Another MARVEL UK House Ad for the HAMMER HORROR one-shot from the end of 1994.

1986: MIDNIGHT SURFER One-shot (Quality Comics)

Another Quality Comics one-shot: MIDNIGHT SURFER, collecting the early Judge Dredd/ Chopper strips from the pages of 2000AD and published (with what, I believe, is a new cover... correct me if I'm wrong) in 1986.  

The almost complete absence of JUDGE DREDD branding and images on the cover seems a little daft... the badge is lost in the artwork and runs the risk of being entirely obscured depending on how the issue was racked. 

1982: CONAN THE BARBARIAN Movie Adaptation (Marvel)

The covers for the two-part Marvel CONAN THE BARBARIAN movie adaptation from October and November 1982.  By this point, Marvel were publishing most of their movie tie-ins as a one-shot issue of the SUPER SPECIAL magazine (this was issue 21, tucked between DRAGONSLAYER and BLADE RUNNER) and standard format limited series with different cover art.  

MARVEL UK reprinted the Super Special as a hardback annual and, I'm pretty sure, also serialized the adaptation in the pages of THE SAVAGE SWORD OF CONAN. 

Wednesday, 19 November 2014

1994: HAMMER HORROR House Ad (Marvel UK)

From twenty years ago this month: The teaser ad for MARVEL UK's about-to-launch HAMMER HORROR one-shot, the warm-up act for the (unfortunately) short-lived monthly. 

1978: WHO'S WHO IN STAR WARS from STAR WARS WEEKLY Issue 1 (Marvel UK)

Hailing from the very first issue of MARVEL UK's STAR WARS WEEKLY (dated 8 February 1978), the Page Two introduction to the initial key characters from the early part of the film.  The line-up was revised (bye Biggs) when the feature was recycled in subsequent issues.

May The Force Be With You. 

1985: FOOD FOR THOUGHT One-Shot (Band Aid)

With the Adel-lite BAND AID single generating a lot of buzz, a lot of sales and a bit of swearing from Sir Bob (On Monday morning, I inadvertently found myself sitting next to the team charged with hand-delivering copies - yup, apparently they don't just email them - to the various radio stations just ahead of the official release) - in a remarkable bit of good timing - I found a copy of FOOD FOR THOUGHT, the 1985 British charity slam-jam that raised money for the original BAND AID in the 50p boxes at the weekend.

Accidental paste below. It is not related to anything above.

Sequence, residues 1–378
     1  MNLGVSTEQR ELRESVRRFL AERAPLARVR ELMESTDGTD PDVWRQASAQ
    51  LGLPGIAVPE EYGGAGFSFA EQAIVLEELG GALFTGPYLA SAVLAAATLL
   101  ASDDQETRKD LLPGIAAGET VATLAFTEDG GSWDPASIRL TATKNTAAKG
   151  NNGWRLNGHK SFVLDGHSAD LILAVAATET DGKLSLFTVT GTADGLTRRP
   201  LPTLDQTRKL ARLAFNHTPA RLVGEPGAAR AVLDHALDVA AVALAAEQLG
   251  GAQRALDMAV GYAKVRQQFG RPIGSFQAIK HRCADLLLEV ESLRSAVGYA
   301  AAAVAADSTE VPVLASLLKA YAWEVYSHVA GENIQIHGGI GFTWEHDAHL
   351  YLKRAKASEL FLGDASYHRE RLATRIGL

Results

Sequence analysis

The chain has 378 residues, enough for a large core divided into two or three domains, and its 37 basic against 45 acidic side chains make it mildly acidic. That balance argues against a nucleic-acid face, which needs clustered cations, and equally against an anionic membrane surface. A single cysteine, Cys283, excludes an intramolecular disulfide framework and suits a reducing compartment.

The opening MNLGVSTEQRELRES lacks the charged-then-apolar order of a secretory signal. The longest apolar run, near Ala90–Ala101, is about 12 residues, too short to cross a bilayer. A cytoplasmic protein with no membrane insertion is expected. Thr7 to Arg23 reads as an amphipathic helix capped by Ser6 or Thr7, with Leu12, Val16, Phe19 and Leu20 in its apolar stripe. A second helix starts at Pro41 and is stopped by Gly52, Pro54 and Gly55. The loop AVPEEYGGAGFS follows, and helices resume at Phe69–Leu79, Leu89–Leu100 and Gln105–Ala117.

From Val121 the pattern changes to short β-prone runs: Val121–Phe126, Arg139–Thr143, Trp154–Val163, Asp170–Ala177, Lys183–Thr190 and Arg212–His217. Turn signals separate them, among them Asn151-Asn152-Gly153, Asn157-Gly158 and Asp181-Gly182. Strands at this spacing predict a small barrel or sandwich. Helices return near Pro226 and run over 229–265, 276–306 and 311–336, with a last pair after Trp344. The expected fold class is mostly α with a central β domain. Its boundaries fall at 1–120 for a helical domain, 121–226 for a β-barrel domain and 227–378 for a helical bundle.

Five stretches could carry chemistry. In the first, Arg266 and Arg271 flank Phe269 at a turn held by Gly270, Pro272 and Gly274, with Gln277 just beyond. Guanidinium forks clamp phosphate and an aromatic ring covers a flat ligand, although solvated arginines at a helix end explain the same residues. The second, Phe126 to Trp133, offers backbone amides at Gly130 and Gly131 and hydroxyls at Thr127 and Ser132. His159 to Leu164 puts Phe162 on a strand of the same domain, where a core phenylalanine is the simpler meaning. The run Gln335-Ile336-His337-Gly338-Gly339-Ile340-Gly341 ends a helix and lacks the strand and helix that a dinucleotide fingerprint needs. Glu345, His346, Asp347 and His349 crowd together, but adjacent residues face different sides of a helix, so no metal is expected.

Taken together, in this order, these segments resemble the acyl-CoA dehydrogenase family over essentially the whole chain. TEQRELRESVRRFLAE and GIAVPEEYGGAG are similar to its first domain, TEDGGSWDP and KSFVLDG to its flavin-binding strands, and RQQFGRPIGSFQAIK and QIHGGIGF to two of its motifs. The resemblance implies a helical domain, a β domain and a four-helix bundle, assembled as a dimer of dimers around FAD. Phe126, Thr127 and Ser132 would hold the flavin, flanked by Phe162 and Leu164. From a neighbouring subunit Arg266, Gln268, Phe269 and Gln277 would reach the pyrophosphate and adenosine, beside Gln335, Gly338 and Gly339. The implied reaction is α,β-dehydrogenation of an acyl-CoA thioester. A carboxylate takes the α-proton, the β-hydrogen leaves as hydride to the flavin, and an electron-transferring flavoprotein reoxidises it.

I've not had a chance to read it yet, but just look at the roll call of contributors.   

MARVEL UK really got behind this at the time with a number of plugs across the line.  This is the first copy I've ever seen... and the first time I've seen the cover in colour.


This is a March 1986 print ad for the CAPTAIN POWER AND THE SOLDIERS OF THE FUTURE toy line which - rather succinctly - nails why campaign groups objected so vigorously way-back-when. 

Not only did the old Kid-Vid bug-bear of violence return but - this time - it looked like young viewers could join in with the on-screen mayhem by using the toys to fire at the TV.  At least Mattel were smart enough to not make the handset in the shape of a gun.

And, they claimed, not only was this an extended 30-minute (minus the other ads) commercial for the toys but the viewer could only really appreciate it if they owned the toys.  Thus sending pester-power off the charts.  

Fortunately, Mattel (by luck or design) had commissioned a show from a creative team that weren't content just to churn the stuff out so the show was perfectly enjoyable without having to buy the (flaky tech) toys anyway.

The whole series (all one season of it) is now on R1 DVD and includes a fascinating new "making of" documentary.